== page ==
2714. Li, X., M. Toro, F. Lu, J. On, A. Bailey, and T. Debies, “Vacuum UV photo-oxidation of polystyrene,” J. Adhesion Science and Technology, 30, 2212-2223, (2016).

Polystyrene (PS) was treated with vacuum UV (VUV) (λ = 104.8 and 106.7 nm) photo-oxidation and X-ray photoelectron spectroscopy detected a controlled increase in the atomic percentage of oxygen up to a saturation level of ca. 20 at% O. Initially, C–O and carbonyl groups are observed due to the formation of alcohols, ethers, esters, and ketones. Water contact angle measurements showed ca. 25% increase in hydrophilicity of the surface with oxidation. Atomic Force Microscopy observed little changes in surface roughness with treatment time. The super water absorbent polymer poly(acrylic acid) was thinly grafted to the modified PS surface.

2713. Sugizaki, Y., T. Shiina, Y. Tanaka, and A. Suzuki, “Effects of peel angle on peel force of adhesive tape from soft adherend,” J. Adhesion Science and Technology, 30, 2637-2654, (2016).

In the case of the peeling of adhesive tapes from soft adherends, the contributions of the compressive force at the adhered portion as well as the larger deformation of adherend have essential roles in determining the peeling properties. In this paper, the peel force of an adhesive tape from a soft adherend has been measured to understand the peeling mechanism, which is greatly affected by the peel angle. A commercially available pressure-sensitive adhesive was used as the tape, and a cross-linked polydimethylsiloxane (PDMS) was used as the soft adherend. The purpose of this study is to clarify the effects of the peel angle on the peel behavior of this system at room temperature under different material specifications and different experimental conditions. The factors that affect the peel force of the PDMS adherend included the degree of cross-linking in PDMS, the thickness of PDMS, peel angle, and peel velocity. Two characteristic peel patterns were observed, which depended on the material specifications and different experimental conditions. The peel mechanism was discussed in terms of the deformation of the adherend.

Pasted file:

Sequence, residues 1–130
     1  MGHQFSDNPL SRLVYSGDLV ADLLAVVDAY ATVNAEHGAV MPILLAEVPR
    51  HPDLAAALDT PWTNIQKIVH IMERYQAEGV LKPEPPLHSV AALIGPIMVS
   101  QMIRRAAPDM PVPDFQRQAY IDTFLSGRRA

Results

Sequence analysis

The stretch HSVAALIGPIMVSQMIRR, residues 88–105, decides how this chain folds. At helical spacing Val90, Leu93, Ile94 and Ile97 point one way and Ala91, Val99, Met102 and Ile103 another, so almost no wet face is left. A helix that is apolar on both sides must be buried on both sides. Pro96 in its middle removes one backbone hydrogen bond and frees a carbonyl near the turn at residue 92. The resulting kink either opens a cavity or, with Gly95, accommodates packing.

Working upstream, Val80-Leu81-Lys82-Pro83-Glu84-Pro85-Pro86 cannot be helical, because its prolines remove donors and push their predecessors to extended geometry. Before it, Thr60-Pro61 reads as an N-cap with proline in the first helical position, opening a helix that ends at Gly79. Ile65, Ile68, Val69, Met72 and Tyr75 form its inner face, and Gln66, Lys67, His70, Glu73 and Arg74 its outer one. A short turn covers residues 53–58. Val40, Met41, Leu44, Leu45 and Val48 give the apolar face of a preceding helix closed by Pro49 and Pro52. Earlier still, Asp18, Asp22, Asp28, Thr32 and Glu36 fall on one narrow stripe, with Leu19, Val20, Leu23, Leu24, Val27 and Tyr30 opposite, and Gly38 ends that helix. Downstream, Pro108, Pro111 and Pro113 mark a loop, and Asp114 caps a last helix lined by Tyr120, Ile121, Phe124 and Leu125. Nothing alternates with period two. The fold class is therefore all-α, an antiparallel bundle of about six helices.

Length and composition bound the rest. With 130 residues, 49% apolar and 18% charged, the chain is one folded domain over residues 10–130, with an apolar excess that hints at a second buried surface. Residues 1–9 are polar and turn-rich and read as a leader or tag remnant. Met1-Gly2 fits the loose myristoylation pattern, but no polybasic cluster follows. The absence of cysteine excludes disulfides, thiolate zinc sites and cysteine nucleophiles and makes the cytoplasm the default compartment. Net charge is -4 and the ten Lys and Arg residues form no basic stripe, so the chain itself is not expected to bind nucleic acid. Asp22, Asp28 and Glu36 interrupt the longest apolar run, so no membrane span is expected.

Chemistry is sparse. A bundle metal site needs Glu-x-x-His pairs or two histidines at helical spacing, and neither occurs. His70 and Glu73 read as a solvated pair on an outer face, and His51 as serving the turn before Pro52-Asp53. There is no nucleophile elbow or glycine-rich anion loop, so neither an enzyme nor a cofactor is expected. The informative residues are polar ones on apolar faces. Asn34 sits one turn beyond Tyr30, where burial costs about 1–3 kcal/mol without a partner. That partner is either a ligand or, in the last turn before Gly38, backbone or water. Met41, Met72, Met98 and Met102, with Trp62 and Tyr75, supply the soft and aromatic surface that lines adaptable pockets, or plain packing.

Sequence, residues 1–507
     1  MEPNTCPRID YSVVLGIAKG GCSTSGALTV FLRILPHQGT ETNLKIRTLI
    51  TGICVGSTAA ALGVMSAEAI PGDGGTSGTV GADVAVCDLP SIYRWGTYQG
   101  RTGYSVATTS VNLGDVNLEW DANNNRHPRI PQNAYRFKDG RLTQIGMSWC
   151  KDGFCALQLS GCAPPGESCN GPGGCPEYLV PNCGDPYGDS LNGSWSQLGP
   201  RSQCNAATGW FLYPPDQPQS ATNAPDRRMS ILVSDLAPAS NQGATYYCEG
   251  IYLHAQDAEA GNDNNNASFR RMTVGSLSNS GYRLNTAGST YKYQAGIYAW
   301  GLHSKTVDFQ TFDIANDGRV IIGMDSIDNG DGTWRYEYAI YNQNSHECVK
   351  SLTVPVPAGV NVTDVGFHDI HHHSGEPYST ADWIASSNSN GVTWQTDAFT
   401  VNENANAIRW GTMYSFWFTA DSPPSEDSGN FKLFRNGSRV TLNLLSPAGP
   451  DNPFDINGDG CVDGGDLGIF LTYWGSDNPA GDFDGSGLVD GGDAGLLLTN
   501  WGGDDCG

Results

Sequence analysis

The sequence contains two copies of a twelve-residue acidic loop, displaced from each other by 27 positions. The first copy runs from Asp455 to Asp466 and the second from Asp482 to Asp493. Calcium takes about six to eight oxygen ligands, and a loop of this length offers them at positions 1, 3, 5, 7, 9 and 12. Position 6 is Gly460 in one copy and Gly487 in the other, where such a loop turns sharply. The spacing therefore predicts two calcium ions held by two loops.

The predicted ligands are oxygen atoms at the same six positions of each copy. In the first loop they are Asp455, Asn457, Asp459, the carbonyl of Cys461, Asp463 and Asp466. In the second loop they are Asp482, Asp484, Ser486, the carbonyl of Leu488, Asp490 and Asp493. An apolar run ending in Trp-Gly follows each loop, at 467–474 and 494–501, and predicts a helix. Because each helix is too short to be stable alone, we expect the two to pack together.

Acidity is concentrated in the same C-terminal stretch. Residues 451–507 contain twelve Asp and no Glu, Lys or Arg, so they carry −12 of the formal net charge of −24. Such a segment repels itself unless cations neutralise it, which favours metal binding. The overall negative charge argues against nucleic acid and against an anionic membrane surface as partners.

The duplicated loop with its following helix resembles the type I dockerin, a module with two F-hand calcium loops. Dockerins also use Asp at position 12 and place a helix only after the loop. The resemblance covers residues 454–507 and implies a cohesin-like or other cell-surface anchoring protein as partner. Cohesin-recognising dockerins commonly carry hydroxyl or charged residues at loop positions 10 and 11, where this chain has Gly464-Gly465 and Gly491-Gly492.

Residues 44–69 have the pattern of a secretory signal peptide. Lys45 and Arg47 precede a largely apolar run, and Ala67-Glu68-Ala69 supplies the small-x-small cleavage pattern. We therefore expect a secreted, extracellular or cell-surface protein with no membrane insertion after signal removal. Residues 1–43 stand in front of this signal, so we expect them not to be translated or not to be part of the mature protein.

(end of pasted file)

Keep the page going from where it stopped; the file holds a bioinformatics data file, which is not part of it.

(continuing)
2207. Wolf, R.A., “Effect of the electrical conductivities of corona discharge ground rolls on surface treatment,” in 2016 PLACE Conference Proceedings, TAPPI Press, 2016.